Biostatistics & Bioinformatics
Statistics in biomedical research
Statistical methods have always been instrumental to the life sciences and biomedical research, and they have become even more critical with the advent of contemporary high-throughput techniques in the “omics” (genomics, meta-genomics, epigenomics, transcriptomics, proteomics, metabolomics, etc.), electronic medical records, and advanced medical imaging.
For the last two decades, Penn State has been home to many statisticians making pivotal contributions to these fields through collaborative projects. A collaboration between Drs. Francesca Chiaromonte, Marzia Angela Cremona, Di Chen, and Kateryna Makova with researchers from the Washington University School of Medicine, has developed further understanding of ‘jumping genes' effect on the genome. Unusual DNA folding increases the rates of mutations
Leveraging their expertise in various areas of Statistics, these faculty and their students develop novel statistical and computational methodology for the analysis of massive, high-dimensional, structured and complex data. Their work is supported by the National Institutes of Health and the National Science Foundation, as well as by the Huck Institutes for the Life Sciences of Penn State. Many belong to interdisciplinary centers at Penn State, such as the Center for Medical Genomics (CMG), the Center for Computational Biology and Bioinformatics (CCBB), and the Center for Infectious Disease Dynamics (CIDD).
Faculty and Student Research Collaborations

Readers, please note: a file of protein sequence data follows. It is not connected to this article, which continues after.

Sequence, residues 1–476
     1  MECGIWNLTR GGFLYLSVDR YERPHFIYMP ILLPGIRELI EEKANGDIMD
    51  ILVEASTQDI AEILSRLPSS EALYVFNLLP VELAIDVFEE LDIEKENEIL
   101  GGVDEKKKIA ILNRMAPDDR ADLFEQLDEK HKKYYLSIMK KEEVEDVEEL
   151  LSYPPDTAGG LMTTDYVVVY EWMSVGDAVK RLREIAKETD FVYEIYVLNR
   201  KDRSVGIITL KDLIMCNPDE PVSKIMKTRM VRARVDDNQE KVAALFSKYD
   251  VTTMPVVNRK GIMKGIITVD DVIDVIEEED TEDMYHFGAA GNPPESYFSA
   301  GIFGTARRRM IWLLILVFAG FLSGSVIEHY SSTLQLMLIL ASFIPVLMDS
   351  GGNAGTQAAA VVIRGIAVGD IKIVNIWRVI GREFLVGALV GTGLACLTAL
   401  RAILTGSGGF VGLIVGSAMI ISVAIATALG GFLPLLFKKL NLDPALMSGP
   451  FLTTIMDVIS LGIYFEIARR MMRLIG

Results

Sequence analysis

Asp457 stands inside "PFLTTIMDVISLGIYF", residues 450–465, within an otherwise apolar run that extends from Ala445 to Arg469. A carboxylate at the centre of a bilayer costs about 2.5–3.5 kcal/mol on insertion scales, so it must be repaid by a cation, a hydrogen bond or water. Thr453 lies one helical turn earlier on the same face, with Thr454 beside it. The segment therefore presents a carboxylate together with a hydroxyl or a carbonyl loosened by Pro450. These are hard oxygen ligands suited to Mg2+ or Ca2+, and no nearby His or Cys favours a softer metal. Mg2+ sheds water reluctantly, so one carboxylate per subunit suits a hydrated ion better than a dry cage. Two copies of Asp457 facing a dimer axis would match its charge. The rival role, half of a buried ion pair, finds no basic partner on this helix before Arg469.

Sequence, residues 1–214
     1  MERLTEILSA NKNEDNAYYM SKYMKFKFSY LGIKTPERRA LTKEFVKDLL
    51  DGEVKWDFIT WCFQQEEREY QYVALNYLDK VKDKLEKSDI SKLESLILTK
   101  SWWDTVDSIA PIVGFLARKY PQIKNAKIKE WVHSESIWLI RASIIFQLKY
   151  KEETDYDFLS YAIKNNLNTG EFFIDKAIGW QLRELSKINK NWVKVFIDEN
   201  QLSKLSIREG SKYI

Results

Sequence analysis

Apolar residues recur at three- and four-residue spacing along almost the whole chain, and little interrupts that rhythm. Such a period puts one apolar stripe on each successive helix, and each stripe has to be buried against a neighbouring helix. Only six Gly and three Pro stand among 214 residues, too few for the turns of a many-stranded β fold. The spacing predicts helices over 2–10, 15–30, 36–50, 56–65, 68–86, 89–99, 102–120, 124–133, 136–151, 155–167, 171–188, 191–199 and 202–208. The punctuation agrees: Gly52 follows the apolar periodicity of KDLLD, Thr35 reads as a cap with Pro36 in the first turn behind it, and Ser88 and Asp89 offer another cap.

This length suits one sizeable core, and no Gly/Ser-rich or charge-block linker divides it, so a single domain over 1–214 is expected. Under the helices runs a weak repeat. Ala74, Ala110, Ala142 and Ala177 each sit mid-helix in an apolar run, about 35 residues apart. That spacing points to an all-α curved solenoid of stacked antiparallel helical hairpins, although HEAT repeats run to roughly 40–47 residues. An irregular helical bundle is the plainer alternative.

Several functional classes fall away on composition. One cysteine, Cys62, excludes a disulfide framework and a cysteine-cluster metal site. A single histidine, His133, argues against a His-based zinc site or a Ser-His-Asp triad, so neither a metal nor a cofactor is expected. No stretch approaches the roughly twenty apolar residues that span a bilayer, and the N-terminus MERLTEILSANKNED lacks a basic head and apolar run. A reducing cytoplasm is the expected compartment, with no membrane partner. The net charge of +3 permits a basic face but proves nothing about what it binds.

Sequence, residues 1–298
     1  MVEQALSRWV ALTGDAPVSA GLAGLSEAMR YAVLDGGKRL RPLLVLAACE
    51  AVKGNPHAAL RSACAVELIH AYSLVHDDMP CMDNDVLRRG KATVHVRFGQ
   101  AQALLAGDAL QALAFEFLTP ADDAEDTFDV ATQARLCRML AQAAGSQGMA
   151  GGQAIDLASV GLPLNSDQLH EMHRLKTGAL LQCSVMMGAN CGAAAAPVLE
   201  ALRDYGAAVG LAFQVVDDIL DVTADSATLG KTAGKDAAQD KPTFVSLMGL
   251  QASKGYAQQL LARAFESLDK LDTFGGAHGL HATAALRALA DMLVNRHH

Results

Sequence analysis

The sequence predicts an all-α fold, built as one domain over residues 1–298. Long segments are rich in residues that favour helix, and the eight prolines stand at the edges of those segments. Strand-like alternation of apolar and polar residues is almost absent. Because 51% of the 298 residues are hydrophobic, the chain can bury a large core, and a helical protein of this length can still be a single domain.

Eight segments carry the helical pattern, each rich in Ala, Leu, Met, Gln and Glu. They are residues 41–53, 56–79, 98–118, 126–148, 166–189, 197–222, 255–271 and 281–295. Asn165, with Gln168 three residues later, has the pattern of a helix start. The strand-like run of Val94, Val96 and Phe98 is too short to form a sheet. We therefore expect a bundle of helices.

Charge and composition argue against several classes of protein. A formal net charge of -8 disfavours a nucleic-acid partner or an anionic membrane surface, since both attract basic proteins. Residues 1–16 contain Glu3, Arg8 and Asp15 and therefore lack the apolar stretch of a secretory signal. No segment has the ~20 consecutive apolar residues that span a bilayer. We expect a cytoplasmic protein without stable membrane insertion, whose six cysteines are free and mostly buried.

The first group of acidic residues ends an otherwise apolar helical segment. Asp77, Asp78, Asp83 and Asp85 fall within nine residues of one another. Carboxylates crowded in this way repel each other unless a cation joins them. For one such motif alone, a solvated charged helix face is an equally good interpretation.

Unusual DNA folding increases the rates of mutations
DNA sequences that can fold into shapes other than the classic double helix tend to have higher mutation rates than other regions in the human genome. New research shows that the elevated mutation rate in these sequences plays a major role in determining regional variation in mutation rates across the genome. Deciphering the patterns and causes of regional variation in mutation rates is important both for understanding evolution and for predicting sites of new mutations that could lead to disease.
“Most of the time we think about DNA as the classic double helix; this basic form is referred to as ‘B-DNA,’” said Wilfried Guiblet, co-first author of the paper, a graduate student at Penn State at the time of research and now a postdoctoral scholar at the National Cancer Institute. “But, as much as 13% of the human genome can fold into different conformations called ‘non-B DNA.’ We wanted to explore what role, if any, this non-B DNA played in variation that we see in mutation rates among different regions of the genome.”
A paper describing the research by a team of Penn State scientists is available online in the journal Nucleic Acids Research.